787 Details - Part 1 of 3
If you’ve looked closely at some of the larger airliners, you may have noticed the word ETOPS is painted somewhere on the aircraft - often on the nose landing gear door, or near the tail. Ever wondered what it means?
Originally it stood for Extended-range Twin-engine Operational Performance Standards. As of January 2007, it now stands for Extended Operations. What exactly does that mean though?
Put very simply, it means that the aircraft is certified to fly certain distances over water or remote areas - hence the alternate definition that some have given it: Engines Turn Or Passengers Swim 😂. More specifically, for airliners operating under FAR Part 121 regulations, ETOPS certification is needed for any 2-engine aircraft operating more than 60 minutes flying time from an adequate airport, or 180 minutes for an aircraft with more than 2 engines. Depending on the aircraft, operator, and route, ETOPS operations can be specified for even longer distances. For example, the 787 (as shown in this pic) is rated for ETOPS-330 (330 minutes from an airport) - enabling it to fly extremely remote routes, such as Sydney to Santiago - one of the longest over-ocean distances flown by a commercial airline.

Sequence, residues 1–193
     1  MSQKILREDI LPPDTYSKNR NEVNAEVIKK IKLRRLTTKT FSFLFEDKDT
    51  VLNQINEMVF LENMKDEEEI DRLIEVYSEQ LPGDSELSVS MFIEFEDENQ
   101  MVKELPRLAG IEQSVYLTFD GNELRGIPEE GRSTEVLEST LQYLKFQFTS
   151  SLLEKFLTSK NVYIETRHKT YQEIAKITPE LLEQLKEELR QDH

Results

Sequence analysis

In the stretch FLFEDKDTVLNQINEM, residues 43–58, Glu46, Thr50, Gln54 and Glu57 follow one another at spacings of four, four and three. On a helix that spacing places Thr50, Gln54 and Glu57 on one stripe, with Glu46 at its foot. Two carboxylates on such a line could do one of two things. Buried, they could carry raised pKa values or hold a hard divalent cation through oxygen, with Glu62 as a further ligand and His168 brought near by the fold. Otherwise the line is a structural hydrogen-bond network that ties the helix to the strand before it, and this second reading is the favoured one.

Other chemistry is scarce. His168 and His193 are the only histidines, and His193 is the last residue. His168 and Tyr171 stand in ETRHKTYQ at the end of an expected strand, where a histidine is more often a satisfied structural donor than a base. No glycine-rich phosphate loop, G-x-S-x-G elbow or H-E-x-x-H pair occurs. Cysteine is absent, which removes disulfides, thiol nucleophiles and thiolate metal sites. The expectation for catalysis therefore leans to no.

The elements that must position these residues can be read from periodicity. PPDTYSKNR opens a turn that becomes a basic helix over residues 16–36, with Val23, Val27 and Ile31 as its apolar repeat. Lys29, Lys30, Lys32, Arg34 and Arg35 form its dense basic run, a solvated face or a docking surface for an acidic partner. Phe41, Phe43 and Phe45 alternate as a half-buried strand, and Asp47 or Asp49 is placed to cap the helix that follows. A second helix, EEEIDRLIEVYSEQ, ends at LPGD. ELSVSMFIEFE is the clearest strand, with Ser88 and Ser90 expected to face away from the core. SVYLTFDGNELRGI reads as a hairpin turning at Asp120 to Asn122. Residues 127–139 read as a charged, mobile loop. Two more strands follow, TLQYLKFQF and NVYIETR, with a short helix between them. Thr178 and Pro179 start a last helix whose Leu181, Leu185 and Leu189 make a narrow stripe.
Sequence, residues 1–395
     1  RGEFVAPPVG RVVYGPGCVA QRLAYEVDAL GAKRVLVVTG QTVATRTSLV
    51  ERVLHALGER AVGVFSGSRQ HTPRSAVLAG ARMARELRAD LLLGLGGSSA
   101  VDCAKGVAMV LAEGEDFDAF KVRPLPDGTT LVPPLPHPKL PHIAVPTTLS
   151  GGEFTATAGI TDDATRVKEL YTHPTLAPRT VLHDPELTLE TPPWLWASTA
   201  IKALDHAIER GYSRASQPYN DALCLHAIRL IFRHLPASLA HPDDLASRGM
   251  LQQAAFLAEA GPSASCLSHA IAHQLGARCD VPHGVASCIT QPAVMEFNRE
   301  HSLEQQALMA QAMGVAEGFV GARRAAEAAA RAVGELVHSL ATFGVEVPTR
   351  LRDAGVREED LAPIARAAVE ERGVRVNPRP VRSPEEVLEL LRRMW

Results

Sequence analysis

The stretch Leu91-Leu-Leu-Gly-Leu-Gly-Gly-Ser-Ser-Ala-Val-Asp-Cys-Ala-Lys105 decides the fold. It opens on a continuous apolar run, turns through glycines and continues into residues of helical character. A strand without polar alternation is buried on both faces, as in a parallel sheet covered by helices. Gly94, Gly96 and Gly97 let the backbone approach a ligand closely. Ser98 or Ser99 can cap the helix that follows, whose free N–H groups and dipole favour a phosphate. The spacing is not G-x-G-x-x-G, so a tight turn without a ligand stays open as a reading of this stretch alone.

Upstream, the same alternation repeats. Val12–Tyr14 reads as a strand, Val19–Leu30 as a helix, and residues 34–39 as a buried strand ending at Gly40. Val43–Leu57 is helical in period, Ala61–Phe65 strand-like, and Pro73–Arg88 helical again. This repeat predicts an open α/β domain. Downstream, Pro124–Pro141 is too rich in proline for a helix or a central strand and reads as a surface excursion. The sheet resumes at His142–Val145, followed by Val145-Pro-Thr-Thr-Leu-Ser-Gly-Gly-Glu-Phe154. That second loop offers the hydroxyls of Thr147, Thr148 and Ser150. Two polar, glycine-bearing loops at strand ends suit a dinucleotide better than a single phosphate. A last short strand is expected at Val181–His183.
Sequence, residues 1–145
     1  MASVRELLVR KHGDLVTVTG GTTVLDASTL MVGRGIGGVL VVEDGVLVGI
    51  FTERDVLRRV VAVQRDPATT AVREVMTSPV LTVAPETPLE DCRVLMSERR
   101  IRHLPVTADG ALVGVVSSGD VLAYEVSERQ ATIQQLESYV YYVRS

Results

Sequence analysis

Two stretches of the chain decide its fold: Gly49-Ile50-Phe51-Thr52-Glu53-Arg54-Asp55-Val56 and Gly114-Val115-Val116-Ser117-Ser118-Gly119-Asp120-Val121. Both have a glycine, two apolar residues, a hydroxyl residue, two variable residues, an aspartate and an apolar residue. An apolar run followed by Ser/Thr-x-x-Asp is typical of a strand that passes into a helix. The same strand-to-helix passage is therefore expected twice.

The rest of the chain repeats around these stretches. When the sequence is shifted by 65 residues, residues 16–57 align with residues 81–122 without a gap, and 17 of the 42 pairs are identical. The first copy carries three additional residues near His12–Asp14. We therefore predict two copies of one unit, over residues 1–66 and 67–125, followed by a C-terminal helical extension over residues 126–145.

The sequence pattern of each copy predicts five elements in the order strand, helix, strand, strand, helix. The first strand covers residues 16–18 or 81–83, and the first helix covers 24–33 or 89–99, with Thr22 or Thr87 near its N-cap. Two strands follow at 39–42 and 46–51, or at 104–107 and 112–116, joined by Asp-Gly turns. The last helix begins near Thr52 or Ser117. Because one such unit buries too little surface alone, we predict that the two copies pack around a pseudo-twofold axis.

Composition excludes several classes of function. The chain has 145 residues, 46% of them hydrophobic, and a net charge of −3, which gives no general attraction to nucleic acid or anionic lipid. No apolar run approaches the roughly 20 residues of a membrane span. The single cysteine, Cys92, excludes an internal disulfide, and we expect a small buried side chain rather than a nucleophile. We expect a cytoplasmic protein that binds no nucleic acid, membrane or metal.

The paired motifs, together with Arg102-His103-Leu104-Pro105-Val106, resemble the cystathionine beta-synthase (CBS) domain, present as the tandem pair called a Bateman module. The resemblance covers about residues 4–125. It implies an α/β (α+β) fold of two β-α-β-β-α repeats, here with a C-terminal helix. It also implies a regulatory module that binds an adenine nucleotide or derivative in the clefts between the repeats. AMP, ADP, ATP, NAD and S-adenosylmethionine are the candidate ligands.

As you can imagine, there are many regulations that apply to ETOPS. There are standards for the aircraft and engine, operator requirements, requirements for the suitability of alternate airports chosen, etc. On ETOPS flights, fuel is planned for the absolute worst-case scenario: rapid decompression (with descent to a lower altitude) and a simultaneous engine failure at the most critical point - along with unfavorable winds and icing conditions; plus enough fuel for 15 minutes of holding, approach and landing; and fuel for inflight APU usage, if required.
So, if you’re ever on a very long flight, and there just happens to be an engine failure, there’s no need to panic! You can have a little comfort knowing that they’ve planned for this - the airline has a documented procedure, the aircraft has been certified for it, and there’s plenty of fuel on board to make it to the nearest airport - even if it is 5 1/2 hours away. - 2 days ago